An Orchestra of Voices
Chanticleer, the only full-time classical vocal ensemble in the United States,
has developed a remarkable reputation over its 22-year history for its interpretation
of vocal literature, from Renaissance to jazz, and from gospel to venturesome
new music. With its seamless blend of twelve male voices, ranging from countertenor
to bass, Chanticleer has earned international renown as "an orchestra of
voices." Named for the "clear-singing" rooster in Geoffrey Chaucer's
Canterbury Tales, Chanticleer was founded in 1978 by tenor Louis Botto, who sang
with the group until 1989 and served as its Artistic Director until his death
Matthew Alber, Christopher Fritzsche, Jay White, soprano
Michael Lichtenauer, Cameron Paine, Philip Wilder, alto
Kevin Baum, Ti mKrol, David Munderloh, tenor
Eric Alatorre, Frank Albinder, Thomas Bold, baritone and bass
Craig Johnson, Artistic Director
Web site: www.chanticleer.org
Musician Discography: Currently
Selected Program Notes & Translations
Robert Young: There is no Rose of such virtue
Jan Sweelinck: Hodie Christus Natus est
Luca Marenzio: Qual Mormorio soave
John Tavener: The Lamb
Arvo Pärt: Magnificat
Franz Biebl: Ave Maria
David Willcocks (arr.): Quelle est cette odeur agréable?
Johann Abraham Peter Schultz (arr. Carolyn Jennings): O Come, Little Children
Gene Peurling (arr.): Deck the Halls
William Billings: A Virgin Unspotted
Joseph Jennings (arr.): O Jerusalem in the Morning
There is No Rose of Such Virtue, Robert Young
Robert H. Young, a native of Santa Cruz, California, served for 30 years on the
music faculty at Baylor University in Waco, Texas, until his retirement in 1993.
His numerous choral compositions include this attractive setting of an anonymous
15th century English carol whose first line was originally spelled "Ther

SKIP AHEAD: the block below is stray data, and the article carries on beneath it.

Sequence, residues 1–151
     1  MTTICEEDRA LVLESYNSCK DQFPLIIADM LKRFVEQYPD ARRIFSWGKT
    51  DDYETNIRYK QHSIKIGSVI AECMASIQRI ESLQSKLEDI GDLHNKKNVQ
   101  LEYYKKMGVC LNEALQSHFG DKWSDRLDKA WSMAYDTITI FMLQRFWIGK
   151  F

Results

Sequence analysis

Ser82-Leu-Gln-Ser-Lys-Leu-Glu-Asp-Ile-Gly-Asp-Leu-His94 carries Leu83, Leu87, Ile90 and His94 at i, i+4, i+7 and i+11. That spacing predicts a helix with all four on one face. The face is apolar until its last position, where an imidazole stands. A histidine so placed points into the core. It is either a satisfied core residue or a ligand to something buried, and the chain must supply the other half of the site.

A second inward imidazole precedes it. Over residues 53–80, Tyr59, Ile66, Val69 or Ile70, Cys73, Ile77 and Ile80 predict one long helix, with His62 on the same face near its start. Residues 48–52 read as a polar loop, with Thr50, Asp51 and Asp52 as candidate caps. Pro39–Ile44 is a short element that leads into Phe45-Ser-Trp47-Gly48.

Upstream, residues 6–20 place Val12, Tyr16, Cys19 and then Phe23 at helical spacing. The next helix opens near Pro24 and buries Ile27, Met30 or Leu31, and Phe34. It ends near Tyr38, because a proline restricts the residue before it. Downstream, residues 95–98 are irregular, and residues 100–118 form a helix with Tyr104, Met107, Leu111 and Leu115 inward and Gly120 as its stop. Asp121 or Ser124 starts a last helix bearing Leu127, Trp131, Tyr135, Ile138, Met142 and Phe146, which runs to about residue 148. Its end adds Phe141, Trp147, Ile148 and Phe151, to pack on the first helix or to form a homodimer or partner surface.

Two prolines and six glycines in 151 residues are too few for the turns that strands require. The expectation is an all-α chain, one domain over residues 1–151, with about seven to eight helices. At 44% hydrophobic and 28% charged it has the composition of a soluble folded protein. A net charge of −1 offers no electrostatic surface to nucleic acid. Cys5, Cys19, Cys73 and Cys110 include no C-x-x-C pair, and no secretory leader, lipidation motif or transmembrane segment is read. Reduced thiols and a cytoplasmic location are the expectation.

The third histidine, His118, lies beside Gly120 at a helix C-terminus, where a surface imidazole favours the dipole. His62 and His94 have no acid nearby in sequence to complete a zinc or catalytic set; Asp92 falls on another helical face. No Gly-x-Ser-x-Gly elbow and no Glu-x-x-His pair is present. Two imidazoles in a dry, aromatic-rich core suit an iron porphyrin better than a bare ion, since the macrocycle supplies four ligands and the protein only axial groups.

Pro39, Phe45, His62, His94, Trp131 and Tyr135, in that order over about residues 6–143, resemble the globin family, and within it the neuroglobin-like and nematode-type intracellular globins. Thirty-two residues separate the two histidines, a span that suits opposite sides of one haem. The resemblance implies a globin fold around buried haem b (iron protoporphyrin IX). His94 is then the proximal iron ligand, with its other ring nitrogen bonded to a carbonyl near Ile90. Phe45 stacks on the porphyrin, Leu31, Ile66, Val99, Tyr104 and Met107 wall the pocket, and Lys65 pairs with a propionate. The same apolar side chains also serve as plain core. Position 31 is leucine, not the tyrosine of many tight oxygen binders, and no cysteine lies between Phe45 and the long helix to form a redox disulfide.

is no rose of swych vertu." The poem embodies a common medieval conceit of
identifying the Virgin with a rose, and follows the old custom of mixing Latin
with the vernacular. (The original medieval carol is recorded on Chanticleer's
Christmas CD, Our Heart's Joy.) Robert Young's setting, composed in 1980, evokes
an antique mood with chant-like unison passages alternating with more contemporary
harmonizations. The voices fade off into a final diminuendo on the word Transeamus
to depict the shepherd's departure in response to the choir of angels: "Let
us go now even unto Bethlehem ...". (Luke 2:15).
There is no rose of such virtue
as is the rose that bare Jesu;
For in this rose contained was
heaven and earth in little space.
Res miranda [Wondrous thing!]
By that rose we may well see
that He is God in persons three,
Pari forma [Of the same form!]
The angels sung the shepherds to
"Gloria in excelsis Deo!"
Gaudeamus. [Let us rejoice!]
Leave we all this worldly mirth,
and follow we this joyful birth,
Transeamus. [Let us go!]
Hodie Christus natus est, Jan Pieterszoon
One of the greatest organists and teachers of the early-seventeenth century, Jan
Sweelinck was a native of the Netherlands who spent his career in the service
of the Calvinist church. One of his masterworks, however, is a collection of motets
from the Catholic tradition entitled Cantiones sacrae (1619), which includes the
piece Hodie Christus natus est. It is perhaps Sweelinck's most popular work, an
exuberant five-part outpouring of contrapuntal interplay. Each section begins
with the distinctive tenor outcry of Hodie, and culminates in a skillful jumble
of overlapping calls of Noe (Noel) or Alleluia.
|Hodie Christus natus est. Noe, noe.
Hodie Salvator apparuit, Alleluia.
Hodie in terra canunt angeli
Lætantur archangeli. Noe, Noe.
Hodie exultant iusti, dicentes:
Gloria in excelsis Deo, Alleluia. Noe!
|Today Christ is born. Noel, Noel!
Today the Savior has appeared, Alleluia!
Today the angels sing on earth.
Today archangels rejoice. Noel, Noel!
Today the righteous leap up, saying,
"Glory to God in the highest, Alleluia! Noel!"
Qual mormorio soave, Luca Marenzio (1553/4-1599)
Luca Marenzio has been dubbed "The Palestrina of the Madrigal" because
his voluminous body of Italian madrigals rivaled his fellow Roman's vast output